Bodily Contact With Tap Water Banned In California City

By: Sara Jerome

Residents of Alameda, a city near San Francisco, were warned not to make any bodily contact with their tap water at one point this month as a result of a water quality problems.
The East Bay Municipal Utility District said problems at its Alameda Point drinking water system were likely caused by the “cross-connection” of an irrigation pipe with a drinking water pipe, The Los Angeles Times reported.
The health advisory impacted “267 homes, and more than 60 businesses in the Alameda Point neighborhood,” ABC7 News reported.
The city lifted the bodily contact order before it lifted a simultaneous drinking order, according to an official statement. The ban on drinking water has since been lifted, as well.  
“It’s not clear when — or how — the cross-connection occurred or what specifically was detected that triggered the warning. Residents were advised not to drink water from faucets or use tap water to brush their teeth, wash dishes, bathe, cook or give to their pets,” The Los Angeles Times reported.
Details on how the city reassured state regulators that bodily contact was again safe:
Throughout the day, the City of Alameda and East Bay Municipal Utility District (EBMUD) removed the source of non-potable/drinking water at Alameda Point, which was attributable to an existing irrigation well, flushed the system with EBMUD water, and then tested the water to confirm the non-potable water was flushed.
An official statement said these actions prompted the State Water Resources Control to lift the bodily contact ban.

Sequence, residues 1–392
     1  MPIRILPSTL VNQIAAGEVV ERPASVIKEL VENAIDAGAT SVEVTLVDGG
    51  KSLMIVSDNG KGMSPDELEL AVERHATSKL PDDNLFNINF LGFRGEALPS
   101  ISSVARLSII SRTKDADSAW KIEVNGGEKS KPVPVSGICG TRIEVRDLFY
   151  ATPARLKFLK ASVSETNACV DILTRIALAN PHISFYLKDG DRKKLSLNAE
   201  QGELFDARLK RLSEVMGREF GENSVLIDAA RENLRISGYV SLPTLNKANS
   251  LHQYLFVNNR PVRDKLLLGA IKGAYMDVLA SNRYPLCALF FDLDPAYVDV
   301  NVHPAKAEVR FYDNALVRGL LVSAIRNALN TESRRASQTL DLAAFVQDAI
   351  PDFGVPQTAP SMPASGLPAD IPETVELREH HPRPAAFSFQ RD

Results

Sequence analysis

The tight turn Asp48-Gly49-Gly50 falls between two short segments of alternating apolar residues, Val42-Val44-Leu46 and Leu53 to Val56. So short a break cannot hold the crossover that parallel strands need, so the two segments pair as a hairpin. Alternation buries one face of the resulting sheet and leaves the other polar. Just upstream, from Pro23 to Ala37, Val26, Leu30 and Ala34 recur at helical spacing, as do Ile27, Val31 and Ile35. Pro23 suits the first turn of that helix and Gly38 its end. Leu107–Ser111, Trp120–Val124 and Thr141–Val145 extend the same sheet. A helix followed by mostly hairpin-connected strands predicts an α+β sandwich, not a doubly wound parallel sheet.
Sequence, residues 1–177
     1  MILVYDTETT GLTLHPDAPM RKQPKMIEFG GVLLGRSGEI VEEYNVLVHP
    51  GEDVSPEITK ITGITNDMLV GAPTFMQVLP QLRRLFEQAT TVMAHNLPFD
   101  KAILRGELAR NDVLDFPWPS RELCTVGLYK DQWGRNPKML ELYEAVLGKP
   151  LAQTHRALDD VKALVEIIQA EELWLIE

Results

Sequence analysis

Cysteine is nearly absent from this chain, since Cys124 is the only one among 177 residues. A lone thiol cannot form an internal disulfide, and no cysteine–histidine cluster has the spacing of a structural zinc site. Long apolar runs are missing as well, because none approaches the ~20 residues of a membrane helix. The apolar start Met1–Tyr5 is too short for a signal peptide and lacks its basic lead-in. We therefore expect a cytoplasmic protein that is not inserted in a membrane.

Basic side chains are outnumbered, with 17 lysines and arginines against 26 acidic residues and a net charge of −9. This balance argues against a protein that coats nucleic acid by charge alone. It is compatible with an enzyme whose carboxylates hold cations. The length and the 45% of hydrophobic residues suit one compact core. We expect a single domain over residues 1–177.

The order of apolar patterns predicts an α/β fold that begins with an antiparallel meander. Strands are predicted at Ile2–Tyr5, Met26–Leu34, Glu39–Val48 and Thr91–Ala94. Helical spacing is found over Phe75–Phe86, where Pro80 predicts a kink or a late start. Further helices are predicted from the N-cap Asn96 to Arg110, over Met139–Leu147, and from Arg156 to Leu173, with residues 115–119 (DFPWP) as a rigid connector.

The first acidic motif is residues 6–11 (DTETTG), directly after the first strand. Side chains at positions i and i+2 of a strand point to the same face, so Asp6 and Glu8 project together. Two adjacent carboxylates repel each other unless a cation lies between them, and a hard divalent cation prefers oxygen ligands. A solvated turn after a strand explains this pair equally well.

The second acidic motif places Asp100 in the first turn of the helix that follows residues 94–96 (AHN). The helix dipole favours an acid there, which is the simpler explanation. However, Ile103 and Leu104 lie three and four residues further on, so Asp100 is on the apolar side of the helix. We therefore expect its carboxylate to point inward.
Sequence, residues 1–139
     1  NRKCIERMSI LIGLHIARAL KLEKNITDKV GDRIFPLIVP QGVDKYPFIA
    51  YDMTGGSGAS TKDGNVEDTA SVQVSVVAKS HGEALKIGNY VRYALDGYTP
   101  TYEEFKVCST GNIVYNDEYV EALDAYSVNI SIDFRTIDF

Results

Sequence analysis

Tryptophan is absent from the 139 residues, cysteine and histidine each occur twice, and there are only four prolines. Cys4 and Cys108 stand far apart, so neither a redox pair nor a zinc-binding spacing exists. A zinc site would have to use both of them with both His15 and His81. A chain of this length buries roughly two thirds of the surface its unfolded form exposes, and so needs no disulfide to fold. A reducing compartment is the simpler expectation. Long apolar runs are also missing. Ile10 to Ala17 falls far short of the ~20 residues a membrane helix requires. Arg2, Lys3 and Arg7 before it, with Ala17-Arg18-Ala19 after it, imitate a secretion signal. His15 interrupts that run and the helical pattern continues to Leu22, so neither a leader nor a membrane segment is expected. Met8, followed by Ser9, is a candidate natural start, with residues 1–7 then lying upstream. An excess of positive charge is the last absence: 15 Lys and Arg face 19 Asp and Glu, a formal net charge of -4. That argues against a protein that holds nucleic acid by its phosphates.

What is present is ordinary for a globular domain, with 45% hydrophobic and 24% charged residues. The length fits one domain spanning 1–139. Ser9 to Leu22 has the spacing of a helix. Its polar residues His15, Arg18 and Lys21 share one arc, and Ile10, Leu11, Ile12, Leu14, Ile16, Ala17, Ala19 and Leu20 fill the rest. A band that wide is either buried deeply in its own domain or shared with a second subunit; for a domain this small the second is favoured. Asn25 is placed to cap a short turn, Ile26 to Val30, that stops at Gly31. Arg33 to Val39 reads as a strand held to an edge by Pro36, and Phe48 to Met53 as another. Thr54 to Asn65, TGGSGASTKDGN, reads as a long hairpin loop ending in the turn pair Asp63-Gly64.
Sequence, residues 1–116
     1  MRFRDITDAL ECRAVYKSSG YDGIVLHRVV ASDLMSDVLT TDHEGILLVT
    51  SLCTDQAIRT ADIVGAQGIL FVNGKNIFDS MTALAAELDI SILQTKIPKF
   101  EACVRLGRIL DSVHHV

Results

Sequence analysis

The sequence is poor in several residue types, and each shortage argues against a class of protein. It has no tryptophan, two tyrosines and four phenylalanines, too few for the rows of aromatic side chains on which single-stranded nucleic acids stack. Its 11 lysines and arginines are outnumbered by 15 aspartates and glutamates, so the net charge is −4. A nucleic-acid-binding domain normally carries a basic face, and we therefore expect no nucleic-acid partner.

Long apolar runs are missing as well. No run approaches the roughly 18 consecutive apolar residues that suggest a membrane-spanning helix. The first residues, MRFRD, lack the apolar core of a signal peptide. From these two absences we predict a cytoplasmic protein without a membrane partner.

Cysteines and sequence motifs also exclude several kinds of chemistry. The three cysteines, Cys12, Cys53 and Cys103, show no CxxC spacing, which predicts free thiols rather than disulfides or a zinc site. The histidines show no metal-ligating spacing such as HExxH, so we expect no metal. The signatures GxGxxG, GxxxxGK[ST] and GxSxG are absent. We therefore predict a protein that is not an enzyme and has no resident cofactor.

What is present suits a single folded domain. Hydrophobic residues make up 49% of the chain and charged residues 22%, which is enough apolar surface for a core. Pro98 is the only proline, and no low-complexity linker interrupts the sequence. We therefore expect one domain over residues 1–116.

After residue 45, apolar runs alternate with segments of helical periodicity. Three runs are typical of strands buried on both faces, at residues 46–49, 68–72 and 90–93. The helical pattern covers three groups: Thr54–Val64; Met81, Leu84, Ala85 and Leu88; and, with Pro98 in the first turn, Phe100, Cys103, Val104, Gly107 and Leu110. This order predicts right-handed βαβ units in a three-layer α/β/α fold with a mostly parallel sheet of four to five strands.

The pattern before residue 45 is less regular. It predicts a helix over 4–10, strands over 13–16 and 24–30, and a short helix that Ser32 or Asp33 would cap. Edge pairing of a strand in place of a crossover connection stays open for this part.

Residents had noticed that the water smelled and tasted strange.
"It had a really foul taste," says Diana Hurwitz, an Alameda Point resident, per ABC7 News. "It was clear, it didn't have any clouds in it, but it tasted really bad."

Alameda neighborhood may not be able to drink tap water for one week

ALAMEDA (KRON) — For the second night in a row, the City of Alameda was urging people living in the Alameda Point community to not drink or use the tap water.
This after the East Bay Municipal Utility District says it found traces of non-drinking water in the drinking water.
Community needs: The City of Alameda has made 10 portable showers available for affected residents. Two of these showers are ADA compliant. Showers are located at the Alameda Fire Department Training Facility at 431 Stardust Place in the parking lot.
For those wishing to contribute to affected residents, they are in need of baby wipes, disposable diapers, and hand sanitizer. These items can be dropped off at the Alameda Point Collaborative, 677 W. Ranger Avenue, and will be distributed by volunteers. The Red Cross is providing bottled water and paper goods.
Do-Not-Drink Water Alert Remains in Place: While water quality continues to improve at Alameda Point, people should refrain from drinking or using tap water for cooking or bathing at Alameda Point, and avoid bodily contact. Water can be used for toilet flushing.
This water quality alert will not be lifted until the State Water Resources Control Board Division of Drinking Water deems the water safe for drinking and bodily contact.
No immediate health threat has been found. If people have health concerns, they should talk to their doctor.
Additional information
Please call our water alert hotline at (510) 747-7460 for additional information. The hotline has received over 100 calls today from concerned community members.
Who is affected by this alert?
The water quality issues are isolated to Alameda Point due to the nature of the non-EBMUD infrastructure. 268 residents and over 60 businesses are affected and each has been notified. This only affects areas west of Main Street. Areas that are not affected include Coast Guard Housing, Bayport, Summer House Apartments, and Atlantic Apartments. The map below outlines the Alameda Point area in red:
What happened?
While field investigations are ongoing, it is likely that the source of the water quality issue is related to a cross-connection between a potable drinking water line and a non-potable irrigation line. Tests were taken at specific locations Tuesday night and we hope to have preliminary results of those tests by Thursday morning. Further testing is being done today, and those results will be available by the end of the week.

Link to full story by Philippe Djegal can be found here.